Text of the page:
Map and serially append streams. `concatMapM`

is a generalization of
the binary append operation to append many streams.

concatMapM :: (IsStream t, Monad m) => (a -> m (t m b)) -> t m a -> t m b Source #

Map a stream producing monadic function on each element of the stream
and then flatten the results into a single stream. Since the stream
generation function is monadic, unlike `concatMap`

, it can produce an
effect at the beginning of each iteration of the inner loop.

*Since: 0.6.0*

concatMap :: (IsStream t, Monad m) => (a -> t m b) -> t m a -> t m b Source #

Map a stream producing function on each element of the stream and then flatten the results into a single stream.

`>>>`

`concatMap f = Stream.concatMapM (return . f)`

`>>>`

`concatMap f = Stream.concatMapWith Stream.serial f`

`>>>`

`concatMap f = Stream.concat . Stream.map f`

*Since: 0.6.0*

concatM :: (IsStream t, Monad m) => m (t m a) -> t m a Source #

Given a stream value in the underlying monad, lift and join the underlying monad with the stream monad.

`>>>`

`concatM = Stream.concat . Stream.fromEffect`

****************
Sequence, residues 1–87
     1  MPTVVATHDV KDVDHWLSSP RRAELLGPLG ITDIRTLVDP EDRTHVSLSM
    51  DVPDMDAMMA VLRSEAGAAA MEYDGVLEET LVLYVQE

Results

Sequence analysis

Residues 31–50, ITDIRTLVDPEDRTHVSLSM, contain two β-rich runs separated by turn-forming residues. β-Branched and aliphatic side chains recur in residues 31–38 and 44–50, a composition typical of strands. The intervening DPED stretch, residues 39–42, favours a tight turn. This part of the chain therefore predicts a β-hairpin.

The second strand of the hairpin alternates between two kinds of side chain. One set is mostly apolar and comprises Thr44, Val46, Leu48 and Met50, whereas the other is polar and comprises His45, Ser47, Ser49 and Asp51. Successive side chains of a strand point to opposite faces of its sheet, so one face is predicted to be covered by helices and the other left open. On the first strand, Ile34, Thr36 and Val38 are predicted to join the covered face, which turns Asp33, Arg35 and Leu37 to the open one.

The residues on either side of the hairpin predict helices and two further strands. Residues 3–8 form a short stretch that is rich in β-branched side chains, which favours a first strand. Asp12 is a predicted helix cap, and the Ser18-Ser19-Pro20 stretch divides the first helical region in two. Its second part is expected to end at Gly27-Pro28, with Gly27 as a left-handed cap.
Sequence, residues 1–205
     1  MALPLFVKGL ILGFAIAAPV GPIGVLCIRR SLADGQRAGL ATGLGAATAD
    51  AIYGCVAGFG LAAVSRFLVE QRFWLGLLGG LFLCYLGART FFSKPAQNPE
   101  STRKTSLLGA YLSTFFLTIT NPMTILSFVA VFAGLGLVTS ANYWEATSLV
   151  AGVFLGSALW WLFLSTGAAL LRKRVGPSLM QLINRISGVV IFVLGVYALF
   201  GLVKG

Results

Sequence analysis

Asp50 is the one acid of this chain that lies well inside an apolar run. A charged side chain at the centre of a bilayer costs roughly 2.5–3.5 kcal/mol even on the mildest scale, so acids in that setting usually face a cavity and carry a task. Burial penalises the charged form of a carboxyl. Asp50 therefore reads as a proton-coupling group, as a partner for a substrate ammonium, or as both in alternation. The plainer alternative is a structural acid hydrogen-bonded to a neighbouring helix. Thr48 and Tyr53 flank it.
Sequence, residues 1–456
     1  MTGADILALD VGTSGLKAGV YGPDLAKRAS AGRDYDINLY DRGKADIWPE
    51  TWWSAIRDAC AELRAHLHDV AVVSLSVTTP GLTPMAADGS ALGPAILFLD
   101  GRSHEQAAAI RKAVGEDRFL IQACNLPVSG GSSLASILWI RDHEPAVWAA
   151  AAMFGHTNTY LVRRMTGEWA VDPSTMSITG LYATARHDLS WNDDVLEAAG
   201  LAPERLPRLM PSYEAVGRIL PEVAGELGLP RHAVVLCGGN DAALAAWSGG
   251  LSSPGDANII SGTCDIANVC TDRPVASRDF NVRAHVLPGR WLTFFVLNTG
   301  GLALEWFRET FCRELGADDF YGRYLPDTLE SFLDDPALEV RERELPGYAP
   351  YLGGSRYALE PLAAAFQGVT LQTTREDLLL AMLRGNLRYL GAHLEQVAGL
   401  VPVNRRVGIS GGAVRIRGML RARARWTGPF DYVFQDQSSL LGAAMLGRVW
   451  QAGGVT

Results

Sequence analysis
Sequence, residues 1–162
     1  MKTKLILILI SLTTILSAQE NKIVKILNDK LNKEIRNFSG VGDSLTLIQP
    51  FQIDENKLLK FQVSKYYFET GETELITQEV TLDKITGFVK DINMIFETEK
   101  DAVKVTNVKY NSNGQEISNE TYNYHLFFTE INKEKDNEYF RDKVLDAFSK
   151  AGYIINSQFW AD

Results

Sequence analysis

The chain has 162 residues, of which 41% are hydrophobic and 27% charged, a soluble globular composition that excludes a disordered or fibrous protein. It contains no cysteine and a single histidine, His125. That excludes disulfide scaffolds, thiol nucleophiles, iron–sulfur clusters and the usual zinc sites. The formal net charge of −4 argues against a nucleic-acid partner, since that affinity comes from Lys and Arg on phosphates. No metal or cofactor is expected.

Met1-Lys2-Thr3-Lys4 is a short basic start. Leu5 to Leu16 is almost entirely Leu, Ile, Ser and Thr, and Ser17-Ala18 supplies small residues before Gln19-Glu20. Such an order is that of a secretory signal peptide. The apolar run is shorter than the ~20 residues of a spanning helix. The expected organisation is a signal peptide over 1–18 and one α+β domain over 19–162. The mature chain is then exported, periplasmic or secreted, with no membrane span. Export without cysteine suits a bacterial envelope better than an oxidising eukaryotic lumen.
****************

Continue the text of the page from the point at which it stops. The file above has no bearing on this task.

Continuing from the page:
`>>>`

`concatM = Stream.concat . lift -- requires (MonadTrans t)`

`>>>`

`concatM = join . lift -- requires (MonadTrans t, Monad (t m))`

*Internal*

concat :: (IsStream t, Monad m) => t m (t m a) -> t m a Source #

Flatten a stream of streams to a single stream.

concat = concatMap id

*Pre-release*

## Flatten Containers

Flatten `Foldable`

containers using the binary stream merging
operations.

concatFoldableWith :: (IsStream t, Foldable f) => (t m a -> t m a -> t m a) -> f (t m a) -> t m a Source #

A variant of `fold`

that allows you to fold a `Foldable`

container of streams using the specified stream sum operation.

`concatFoldableWith ``async`

$ map return [1..3]

Equivalent to:

concatFoldableWith f = Prelude.foldr f D.nil concatFoldableWith f = D.concatMapFoldableWith f id